Friday, September 14, 2007


THE money earned from selling fish parcels over the past four years has helped Livia Lalagavesi put her daughter through a teacher training institute and furnish her home something she previously could not afford.
Although her business involves selling fish, she has no regrets.
No regrets in the sense that when she first started, her friends and relatives used to ask her if she ever got embarrassed selling fish parcels in the streets of Labasa.
"A lot of people used to ask me whether I was embarrassed to sell fish parcels and sit outside on the street selling," she said.
"At times I must admit I felt quite embarrassed especially when friends and relatives come around every day to ask me the same question which didn't help at all."
But after a few days of seeing the good earnings received from the business, Livia knew she had to make a choice between her family's welfare and remarks from friends and relatives.
"My two children matter most so I decided to stay on and today those friends of mine have not said a thing because they have seen how my family has benefited from this business," she said.
"My eldest daughter is a school teacher in one of the schools in Namosi, while my younger son is in primary school. I have been able to fill my house with furniture and electrical appliances and that's all because of this business," Livia said.
On a week day, Livia can take home $140 from selling 40 parcels at $3.50 each but on Saturdays, her earnings can be $200 selling 50 or more parcels of fish from her table by the riverside of the friendly town, towards the market area.
Her earnings helped meet her traditional and church obligations over the years.
"Before I started this business it was difficult for me to attend church gatherings in Viti Levu especially the Methodist Church Conference because my husband was the only one earning money from farming.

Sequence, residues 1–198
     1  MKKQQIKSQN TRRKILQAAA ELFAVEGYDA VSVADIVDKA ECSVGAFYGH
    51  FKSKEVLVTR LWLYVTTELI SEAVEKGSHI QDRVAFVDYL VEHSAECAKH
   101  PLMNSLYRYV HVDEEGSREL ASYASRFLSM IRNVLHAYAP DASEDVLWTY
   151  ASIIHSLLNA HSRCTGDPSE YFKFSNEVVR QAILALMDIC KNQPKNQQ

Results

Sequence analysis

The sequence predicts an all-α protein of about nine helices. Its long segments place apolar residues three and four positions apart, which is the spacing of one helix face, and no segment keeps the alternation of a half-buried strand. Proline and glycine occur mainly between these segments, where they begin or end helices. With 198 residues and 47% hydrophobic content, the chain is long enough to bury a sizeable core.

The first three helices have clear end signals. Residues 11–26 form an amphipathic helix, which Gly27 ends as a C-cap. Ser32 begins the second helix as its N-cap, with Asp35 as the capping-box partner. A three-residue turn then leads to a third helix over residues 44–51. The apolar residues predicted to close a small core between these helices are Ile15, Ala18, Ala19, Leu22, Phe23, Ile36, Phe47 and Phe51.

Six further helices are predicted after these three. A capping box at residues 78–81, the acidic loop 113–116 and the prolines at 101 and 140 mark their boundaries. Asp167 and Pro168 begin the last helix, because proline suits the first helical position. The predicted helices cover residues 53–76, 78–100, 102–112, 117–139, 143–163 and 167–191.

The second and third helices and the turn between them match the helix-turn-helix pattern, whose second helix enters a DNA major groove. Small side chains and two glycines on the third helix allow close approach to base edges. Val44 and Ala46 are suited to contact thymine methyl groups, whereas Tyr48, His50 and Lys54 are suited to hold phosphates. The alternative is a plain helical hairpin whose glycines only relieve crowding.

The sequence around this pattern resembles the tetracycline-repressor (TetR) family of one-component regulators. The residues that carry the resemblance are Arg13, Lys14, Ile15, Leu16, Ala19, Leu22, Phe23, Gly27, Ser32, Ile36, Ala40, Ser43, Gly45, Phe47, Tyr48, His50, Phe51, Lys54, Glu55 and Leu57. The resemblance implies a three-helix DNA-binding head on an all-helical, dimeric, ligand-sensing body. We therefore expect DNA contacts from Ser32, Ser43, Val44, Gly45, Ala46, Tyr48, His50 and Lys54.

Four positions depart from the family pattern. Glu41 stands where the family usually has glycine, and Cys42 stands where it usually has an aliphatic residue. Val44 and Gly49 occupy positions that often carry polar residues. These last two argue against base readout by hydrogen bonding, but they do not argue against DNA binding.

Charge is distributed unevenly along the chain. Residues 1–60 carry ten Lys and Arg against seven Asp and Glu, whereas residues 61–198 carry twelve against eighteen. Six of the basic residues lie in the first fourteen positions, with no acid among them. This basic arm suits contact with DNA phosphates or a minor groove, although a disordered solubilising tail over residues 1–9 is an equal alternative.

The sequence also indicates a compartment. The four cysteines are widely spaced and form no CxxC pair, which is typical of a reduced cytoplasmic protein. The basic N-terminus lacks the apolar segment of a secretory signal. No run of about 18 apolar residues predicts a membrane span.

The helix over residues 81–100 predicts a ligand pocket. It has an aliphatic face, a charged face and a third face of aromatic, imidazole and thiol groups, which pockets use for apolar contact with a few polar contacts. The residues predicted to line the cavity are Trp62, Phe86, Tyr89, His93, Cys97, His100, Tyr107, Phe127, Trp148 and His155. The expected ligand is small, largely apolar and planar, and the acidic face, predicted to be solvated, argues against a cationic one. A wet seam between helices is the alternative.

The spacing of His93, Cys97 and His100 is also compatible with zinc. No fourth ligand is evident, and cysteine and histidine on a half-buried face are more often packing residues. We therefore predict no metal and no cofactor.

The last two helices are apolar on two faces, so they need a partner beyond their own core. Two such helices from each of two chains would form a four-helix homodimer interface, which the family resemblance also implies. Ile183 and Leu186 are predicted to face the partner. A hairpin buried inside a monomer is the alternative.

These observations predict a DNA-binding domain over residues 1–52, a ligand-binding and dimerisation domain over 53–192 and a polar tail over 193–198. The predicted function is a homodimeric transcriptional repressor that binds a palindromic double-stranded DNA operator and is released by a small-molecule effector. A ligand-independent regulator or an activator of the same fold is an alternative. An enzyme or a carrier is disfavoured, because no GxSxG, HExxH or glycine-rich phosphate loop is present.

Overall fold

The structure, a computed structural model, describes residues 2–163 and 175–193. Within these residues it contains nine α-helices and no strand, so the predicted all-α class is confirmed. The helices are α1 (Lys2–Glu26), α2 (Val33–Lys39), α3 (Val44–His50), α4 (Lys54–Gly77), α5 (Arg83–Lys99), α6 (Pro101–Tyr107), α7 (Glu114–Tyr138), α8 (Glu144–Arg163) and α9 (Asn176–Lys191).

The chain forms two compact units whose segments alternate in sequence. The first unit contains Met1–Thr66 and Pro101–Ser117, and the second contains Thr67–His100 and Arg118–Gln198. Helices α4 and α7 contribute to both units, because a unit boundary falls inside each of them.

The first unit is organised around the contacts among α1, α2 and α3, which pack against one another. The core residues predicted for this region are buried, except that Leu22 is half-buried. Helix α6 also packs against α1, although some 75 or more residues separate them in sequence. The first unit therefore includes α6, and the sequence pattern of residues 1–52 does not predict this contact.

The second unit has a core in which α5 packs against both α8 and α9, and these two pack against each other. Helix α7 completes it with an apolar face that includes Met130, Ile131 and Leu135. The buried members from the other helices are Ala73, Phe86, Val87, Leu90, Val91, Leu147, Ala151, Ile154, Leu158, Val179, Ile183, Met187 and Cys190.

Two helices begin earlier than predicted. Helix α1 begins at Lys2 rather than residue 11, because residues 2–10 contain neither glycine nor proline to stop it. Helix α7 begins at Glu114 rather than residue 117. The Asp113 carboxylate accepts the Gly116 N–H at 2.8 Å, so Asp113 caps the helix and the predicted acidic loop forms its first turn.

"After I started the business, with the money received, I have been able to attend all the church conferences and meetings every year, help my relatives and friends who come around to ask for assistance and also install a telephone at home," Livia said.
"Why should women be embarrassed to sell fish parcels or food in the market or in public when the money earned from it helps a family."
Livia said running a small business had many benefits and one of it was being her own boss.
"I decide what time I come to sell my parcels and when I take my days off and don't worry about paying other staff as it is a small business that requires only one person.
"But with those benefits, I don't abuse my business because I believe the success of this business comes from dedication, honesty and sacrifices.
Livia said that from Monday to Saturday, her working hours begin at 10am and ends at 4pm.
"I get up at 5am, peel the cassava and about 7am I start frying the fish and eggs and make the salad.
"When all that is done I pack my parcels and by 10am I am at my stall with the parcels and if they are all sold by 3pm, I finish work early, otherwise it's 4pm or sometimes 5pm," Livia said.
On her days off or leave, Livia said these were only taken for deaths and the church conference.
"For other events and obligations, I make sure that the parcels are sold first before I attend because I don't want to disappoint my customers for without them my business earnings will not be good."
Adapted from Fijitimes Online